By Emmalee C. Torisk
Vindicator, Youngstown, Ohio.
Cecelia Haren had a lot of doubters.
Not many believed, as she did, that her dream of opening her own business could one day become a reality.
It didn’t come easy, however. The 24-year-old, a 2008 graduate of Lowellville High School, illustrated this during two of Pam Iarussi’s senior economics classes at her alma mater Friday morning.
“I had to get my priorities straight,” said Haren, who began devising the business plan for what eventually would become Cece Couture — a store that sells special-occasion gowns and accessories, and aims to make both girls and women look and feel “fabulous” — while still a student at Youngstown State University. “I had to decide what’s important to me.”
Doing so often meant staying in her room, estimating startup costs and defining her target market, instead of going out with friends.
Even so, it took Haren “two full years” to put together her plan. Her ideas changed, and her research changed, and she ended up with something completely different than what she started with.
But that plan, Haren said, is “what got me the money to open my business.”
In 2012, she was funded for $180,000, despite others telling her that “no bank in their right mind” would give her — then, a 22-year-old blonde, she recalls — such a loan.
“Do it. Don’t let anything hold you back,” Haren said afterward, when asked what she hoped students took away from her presentation.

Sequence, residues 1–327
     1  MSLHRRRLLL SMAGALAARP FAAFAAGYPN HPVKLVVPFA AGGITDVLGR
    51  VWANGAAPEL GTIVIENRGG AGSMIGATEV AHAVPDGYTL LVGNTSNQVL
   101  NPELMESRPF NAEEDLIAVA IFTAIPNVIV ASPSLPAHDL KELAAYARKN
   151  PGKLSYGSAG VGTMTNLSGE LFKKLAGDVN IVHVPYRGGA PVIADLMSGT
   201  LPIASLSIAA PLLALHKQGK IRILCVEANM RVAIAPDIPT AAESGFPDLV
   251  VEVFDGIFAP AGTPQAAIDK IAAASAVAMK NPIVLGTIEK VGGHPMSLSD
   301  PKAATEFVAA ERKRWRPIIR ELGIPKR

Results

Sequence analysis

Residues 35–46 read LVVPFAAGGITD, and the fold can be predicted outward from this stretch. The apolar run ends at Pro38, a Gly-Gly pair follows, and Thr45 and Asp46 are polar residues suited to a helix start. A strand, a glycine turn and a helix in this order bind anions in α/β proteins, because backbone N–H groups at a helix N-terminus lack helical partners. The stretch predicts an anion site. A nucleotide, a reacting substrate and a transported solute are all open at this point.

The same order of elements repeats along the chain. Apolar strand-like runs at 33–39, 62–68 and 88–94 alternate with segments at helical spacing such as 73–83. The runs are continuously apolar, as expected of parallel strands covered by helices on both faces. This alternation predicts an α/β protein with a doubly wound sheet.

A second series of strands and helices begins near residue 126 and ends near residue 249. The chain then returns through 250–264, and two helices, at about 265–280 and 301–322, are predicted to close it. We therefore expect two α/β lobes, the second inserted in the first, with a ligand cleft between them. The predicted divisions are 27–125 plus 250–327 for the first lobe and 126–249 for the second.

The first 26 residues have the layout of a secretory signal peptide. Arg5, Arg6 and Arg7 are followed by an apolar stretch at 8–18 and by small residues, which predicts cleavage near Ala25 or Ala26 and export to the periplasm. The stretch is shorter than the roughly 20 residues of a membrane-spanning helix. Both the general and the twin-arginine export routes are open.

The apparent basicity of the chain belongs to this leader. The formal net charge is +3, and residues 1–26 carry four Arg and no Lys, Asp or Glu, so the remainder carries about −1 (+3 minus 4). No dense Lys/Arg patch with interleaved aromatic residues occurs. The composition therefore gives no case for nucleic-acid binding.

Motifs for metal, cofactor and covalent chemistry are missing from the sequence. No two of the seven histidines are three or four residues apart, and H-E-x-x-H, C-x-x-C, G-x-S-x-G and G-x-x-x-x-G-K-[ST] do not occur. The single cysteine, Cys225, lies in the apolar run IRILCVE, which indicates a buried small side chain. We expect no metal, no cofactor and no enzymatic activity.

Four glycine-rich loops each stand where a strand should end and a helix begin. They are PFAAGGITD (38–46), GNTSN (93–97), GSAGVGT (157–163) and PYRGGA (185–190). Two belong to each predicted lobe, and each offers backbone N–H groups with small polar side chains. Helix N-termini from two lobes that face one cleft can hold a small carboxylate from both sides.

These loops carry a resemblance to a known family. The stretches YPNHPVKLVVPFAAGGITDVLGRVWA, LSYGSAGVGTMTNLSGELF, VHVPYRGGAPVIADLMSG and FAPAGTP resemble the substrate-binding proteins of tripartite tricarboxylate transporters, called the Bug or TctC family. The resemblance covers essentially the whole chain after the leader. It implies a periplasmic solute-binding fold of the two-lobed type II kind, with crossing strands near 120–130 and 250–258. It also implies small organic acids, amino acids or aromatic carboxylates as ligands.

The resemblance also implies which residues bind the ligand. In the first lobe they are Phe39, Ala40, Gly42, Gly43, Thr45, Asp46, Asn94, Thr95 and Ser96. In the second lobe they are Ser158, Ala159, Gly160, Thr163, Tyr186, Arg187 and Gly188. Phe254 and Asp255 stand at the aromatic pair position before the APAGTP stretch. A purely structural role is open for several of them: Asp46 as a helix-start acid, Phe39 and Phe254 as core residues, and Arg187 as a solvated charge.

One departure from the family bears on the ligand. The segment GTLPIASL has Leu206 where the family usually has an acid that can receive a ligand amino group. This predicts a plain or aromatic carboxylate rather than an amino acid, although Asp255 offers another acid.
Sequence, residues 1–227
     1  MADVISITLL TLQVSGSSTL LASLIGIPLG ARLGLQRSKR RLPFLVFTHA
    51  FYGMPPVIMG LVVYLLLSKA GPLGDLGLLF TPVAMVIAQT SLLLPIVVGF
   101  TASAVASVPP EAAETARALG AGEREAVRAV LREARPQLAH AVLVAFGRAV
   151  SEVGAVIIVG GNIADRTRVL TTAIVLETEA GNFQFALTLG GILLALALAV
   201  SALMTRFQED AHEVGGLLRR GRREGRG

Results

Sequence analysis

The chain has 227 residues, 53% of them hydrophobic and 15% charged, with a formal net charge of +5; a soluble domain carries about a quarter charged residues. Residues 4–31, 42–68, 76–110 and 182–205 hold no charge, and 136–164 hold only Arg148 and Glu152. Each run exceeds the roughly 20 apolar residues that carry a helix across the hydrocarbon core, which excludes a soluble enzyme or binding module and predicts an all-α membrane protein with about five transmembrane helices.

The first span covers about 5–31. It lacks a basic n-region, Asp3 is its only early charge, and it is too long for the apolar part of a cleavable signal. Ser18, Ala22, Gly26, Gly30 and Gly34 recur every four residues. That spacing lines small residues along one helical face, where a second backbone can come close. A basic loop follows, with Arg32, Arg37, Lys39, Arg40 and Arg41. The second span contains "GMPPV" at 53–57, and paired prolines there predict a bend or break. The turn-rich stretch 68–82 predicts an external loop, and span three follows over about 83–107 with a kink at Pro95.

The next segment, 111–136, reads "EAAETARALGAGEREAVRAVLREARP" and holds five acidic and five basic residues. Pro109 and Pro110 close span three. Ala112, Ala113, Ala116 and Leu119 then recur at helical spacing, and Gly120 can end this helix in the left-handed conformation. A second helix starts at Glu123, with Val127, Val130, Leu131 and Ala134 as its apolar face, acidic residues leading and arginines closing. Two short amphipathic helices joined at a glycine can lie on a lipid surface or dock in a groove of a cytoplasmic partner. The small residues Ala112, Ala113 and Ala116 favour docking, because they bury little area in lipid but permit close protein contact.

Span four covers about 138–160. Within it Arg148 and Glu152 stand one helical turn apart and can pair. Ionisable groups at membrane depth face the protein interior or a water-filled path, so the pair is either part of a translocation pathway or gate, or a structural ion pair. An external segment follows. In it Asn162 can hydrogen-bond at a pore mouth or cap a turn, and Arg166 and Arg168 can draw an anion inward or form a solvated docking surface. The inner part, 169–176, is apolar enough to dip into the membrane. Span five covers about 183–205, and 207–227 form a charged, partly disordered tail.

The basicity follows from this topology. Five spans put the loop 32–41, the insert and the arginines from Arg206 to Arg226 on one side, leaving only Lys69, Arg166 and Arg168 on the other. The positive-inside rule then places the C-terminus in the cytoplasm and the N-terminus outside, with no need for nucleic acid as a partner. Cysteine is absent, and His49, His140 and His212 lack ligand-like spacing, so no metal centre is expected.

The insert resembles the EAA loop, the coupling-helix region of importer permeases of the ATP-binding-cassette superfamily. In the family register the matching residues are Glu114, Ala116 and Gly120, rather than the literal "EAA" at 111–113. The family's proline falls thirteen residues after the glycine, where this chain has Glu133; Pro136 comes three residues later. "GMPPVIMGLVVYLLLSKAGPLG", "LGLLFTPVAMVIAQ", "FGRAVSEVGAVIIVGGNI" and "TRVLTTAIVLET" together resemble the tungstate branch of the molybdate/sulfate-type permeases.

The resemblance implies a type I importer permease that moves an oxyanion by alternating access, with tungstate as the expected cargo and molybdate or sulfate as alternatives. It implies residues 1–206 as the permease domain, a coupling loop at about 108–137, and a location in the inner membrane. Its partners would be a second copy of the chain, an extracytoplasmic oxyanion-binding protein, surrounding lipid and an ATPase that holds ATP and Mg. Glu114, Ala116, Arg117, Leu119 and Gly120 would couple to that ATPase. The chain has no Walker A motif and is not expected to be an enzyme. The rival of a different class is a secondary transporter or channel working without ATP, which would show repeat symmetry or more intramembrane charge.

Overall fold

This, of course, was in addition to a better understanding of all the planning and work that goes into following one’s dream.
Cece Couture, 339 Boardman-Canfield Road, opened in January — only weeks after Haren graduated from YSU with her bachelor’s degree in business administration with a focus in fashion. She majored in marketing management and minored in entrepreneurship.
Haren’s path to her degree wasn’t an easy one, either.
Though she began as a fashion-merchandising major, she found that the work wasn’t as challenging as she’d hoped and quickly lost interest.
Then, inspired by her social-worker mother, she tried social work, but discovered that she “didn’t enjoy listening to people’s problems as much as [she] thought.” Her next move was to major in psychology, which she dropped after realizing that advanced degrees likely would be required for a job.
With business administration, though, Haren “fell in love.” It was as simple as that.
Iarussi said that lesson — “don’t stop looking until you find what is right for you” — is just one of many Haren, a former student of hers, was able to share with others Friday.
She invited Haren to speak to her class after spotting a TV commercial for Cece Couture last week, and was amazed by Haren’s being “able to accomplish so much in such a short amount of time.”
“I figured she would be the first female president some day … and I’m still not ruling that out,” Iarussi said with a laugh. “She had all the qualities needed to do anything she put her mind to.”
Andi Hrusovsky and Nick Piccirillo, both seniors at Lowellville, agreed in thinking that Haren’s presentation featured a lot of good information, and also functioned as a bit of a preview for what they’d learn in class in the coming weeks.
“I liked how organized she was, and how she knew what she wanted to do,” Hrusovsky said.
“She wasn’t afraid to take risks,” Piccirillo added.
Haren acknowledged, for example, that she probably won’t make a profit — or get a paycheck — for another few years.
It’s evident that for Haren, though, making money isn’t the sole measure of success, Iarussi explained. Instead, she seems to truly enjoy what she does.
“I don’t think you can be a success in anything in life without the passion you see here,” Iarussi said.